There are few, if any, books that have made as much impact on the software industry as The Mythical Man Month by Frederick P. Brooks. Most of Brooks’ assertions still hold true today, which is remarkable given that the book was originally published almost 40 years ago! Even today it’s required reading in computer science programs at many universities.
For me personally it has added a lot of maturity and perspective to my approach to software, giving me experience with software engineering I didn’t have to gain the hard way.
It’s suggested reading for everyone I mentor (along with Rework and Code Complete), and every once in a while I like to go back to review some of my favorite takeaways. Here are a few I hope you will find useful.
Let’s start with the concept from which the book derives its name: the “mythical” man-month as a unit of estimation. As Brooks explains:
“Cost does indeed vary as the product of the number of men and the number of months. Progress does not. Hence the man-month as a unit for measuring the size of a job is a dangerous and deceptive myth. It implies that men and months are interchangeable.”
For example, a project estimated at two man-months may take one person two months, but it may take two people five weeks. This can be due to a number of factors, but the primary factor is the added communication (and miscommunication) and coordination among team members. Brooks notes that people and months are interchangeable only when tasks can be partitioned such that there is no communication or coordination overhead. In my experience this scenario is rare. At the bare minimum, the team lead or project manager incurs the overhead of managing the extra person’s effort.
And to crystalize the concept, Brooks coined this law: “Adding manpower to a late software project makes it later.”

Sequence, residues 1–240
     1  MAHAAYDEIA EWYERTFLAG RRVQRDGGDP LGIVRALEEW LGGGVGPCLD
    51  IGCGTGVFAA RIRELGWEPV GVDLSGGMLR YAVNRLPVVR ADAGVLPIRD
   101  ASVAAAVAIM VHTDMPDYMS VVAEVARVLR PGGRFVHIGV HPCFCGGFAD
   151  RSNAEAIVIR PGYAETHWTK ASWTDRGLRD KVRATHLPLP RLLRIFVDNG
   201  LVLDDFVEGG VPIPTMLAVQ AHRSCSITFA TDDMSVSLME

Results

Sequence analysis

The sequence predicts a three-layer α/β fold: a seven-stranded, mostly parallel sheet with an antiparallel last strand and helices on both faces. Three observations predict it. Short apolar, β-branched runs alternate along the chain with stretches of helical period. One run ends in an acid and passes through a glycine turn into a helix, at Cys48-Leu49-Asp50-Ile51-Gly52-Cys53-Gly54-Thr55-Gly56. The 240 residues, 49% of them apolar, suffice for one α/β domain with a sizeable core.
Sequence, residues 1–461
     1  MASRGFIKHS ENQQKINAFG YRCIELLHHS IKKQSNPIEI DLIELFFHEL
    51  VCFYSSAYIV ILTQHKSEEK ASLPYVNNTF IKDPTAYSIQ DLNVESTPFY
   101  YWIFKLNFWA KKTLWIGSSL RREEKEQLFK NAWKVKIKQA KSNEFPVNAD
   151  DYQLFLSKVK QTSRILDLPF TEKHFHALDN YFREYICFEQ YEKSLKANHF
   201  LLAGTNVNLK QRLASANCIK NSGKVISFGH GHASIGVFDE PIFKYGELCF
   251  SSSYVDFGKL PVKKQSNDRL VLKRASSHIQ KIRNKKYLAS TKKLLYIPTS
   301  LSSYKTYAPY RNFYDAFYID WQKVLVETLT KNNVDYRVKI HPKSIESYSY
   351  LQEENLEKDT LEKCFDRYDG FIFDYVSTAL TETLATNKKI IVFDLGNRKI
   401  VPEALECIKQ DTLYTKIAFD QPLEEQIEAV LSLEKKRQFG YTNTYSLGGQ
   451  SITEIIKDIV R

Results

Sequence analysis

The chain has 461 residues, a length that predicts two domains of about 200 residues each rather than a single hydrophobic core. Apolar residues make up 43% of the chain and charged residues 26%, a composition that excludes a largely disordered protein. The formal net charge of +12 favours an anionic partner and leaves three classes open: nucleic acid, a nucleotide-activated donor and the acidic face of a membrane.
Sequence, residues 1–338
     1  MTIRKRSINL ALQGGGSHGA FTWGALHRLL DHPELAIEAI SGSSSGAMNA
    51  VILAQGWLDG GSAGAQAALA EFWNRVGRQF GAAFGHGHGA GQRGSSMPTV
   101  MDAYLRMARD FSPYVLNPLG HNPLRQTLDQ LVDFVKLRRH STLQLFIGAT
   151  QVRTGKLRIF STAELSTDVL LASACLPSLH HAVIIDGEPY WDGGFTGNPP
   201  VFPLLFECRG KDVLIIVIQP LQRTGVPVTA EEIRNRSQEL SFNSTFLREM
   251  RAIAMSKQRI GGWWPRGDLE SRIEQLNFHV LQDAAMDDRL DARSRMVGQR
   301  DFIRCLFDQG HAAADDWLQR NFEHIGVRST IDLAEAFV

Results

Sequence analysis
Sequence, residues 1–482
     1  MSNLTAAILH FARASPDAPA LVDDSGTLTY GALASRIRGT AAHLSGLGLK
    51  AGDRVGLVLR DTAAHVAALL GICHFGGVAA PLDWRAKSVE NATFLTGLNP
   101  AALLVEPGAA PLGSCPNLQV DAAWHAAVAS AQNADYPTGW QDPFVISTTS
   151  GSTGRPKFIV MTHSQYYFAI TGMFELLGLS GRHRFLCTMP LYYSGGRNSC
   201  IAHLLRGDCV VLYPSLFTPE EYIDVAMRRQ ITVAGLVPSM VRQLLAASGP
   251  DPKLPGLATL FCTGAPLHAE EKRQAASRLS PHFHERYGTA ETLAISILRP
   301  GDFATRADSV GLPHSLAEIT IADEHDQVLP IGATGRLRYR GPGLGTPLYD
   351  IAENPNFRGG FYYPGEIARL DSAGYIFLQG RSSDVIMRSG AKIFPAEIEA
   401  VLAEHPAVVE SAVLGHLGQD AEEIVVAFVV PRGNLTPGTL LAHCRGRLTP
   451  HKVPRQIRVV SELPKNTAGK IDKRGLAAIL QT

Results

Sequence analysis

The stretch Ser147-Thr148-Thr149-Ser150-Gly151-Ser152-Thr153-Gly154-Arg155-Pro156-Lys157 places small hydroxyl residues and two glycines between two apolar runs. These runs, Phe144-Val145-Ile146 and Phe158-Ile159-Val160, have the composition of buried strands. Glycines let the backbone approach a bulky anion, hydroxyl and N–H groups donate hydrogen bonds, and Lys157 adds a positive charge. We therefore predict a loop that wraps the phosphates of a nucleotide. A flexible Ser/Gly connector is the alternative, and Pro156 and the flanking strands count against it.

Takeaway: When estimating software tasks or projects, assume some level of extra schedule time for every person you put on the project.
Time Allotted for Testing
Brooks’ allotment for testing is one of my favorite little nuggets of truth. He took an empirical look at projects and came up with the following rule of thumb, which he had a lot of subsequent success with. Time allotted for a software project should be broken down as follows:
1/4 component test and early system test
1/4 system test, all components in hand”
He also notes: “In examining conventionally scheduled projects, I have found that few allowed one-half of the project schedule for testing, but that most did indeed spend half of the actual schedule for that purpose.”
Underestimation of testing phases is “peculiarly disastrous” as he explains, since testing naturally takes place immediately before delivery of the product. Under these circumstances:
No one is aware of the delay until right before the deadline.
The project is usually fully staffed at this point (because managers have added more people at the last moment), so the cost-per-day is at its maximum.
Many software managers and even software developers argue the 50% figure for testing is too high, but that’s not the point, in my opinion. The point is adequate testing usually takes more time and effort than you think.
Takeaway: Estimate more time for testing than you think you’ll need.
Brooks described four different software deliverables to consider when estimating cost:
This is the complete software, running and functional.
2. Programming product
This level adds thorough testing documentation. Additionally, it is generalized and ready for reuse. It is stable and possibly extensible. This costs three times as much as a program alone.
3. Programming system
Brooks defines the programming system in terms that are reminiscent of the computing era in which the book was written, but this is essentially a program with a really mature and well-defined interface, which is designed for interoperability with other systems and components. In today’s world, think of the programming system as an application with a well-defined API. This also costs three times as much as a program alone.
4. Programming system product
This is the whole package—both the product and the system. This is a documented, tested, reusable, extensible product with a well-defined API. This costs three times as much as a programming product or programming system alone and nine times as much as a program alone.
Takeaway: Creating a really polished piece of software can be almost an order of magnitude more expensive than developing the core functionality, which usually gets the bulk of the focus when estimating.
I hope you find these takeaways as useful as I have. If you have any questions please feel free to use the comments section below or contact us at email@example.com. Be sure to stay tuned for the next part of this series by following us on Twitter at @CrederaOpen or connecting with us on LinkedIn.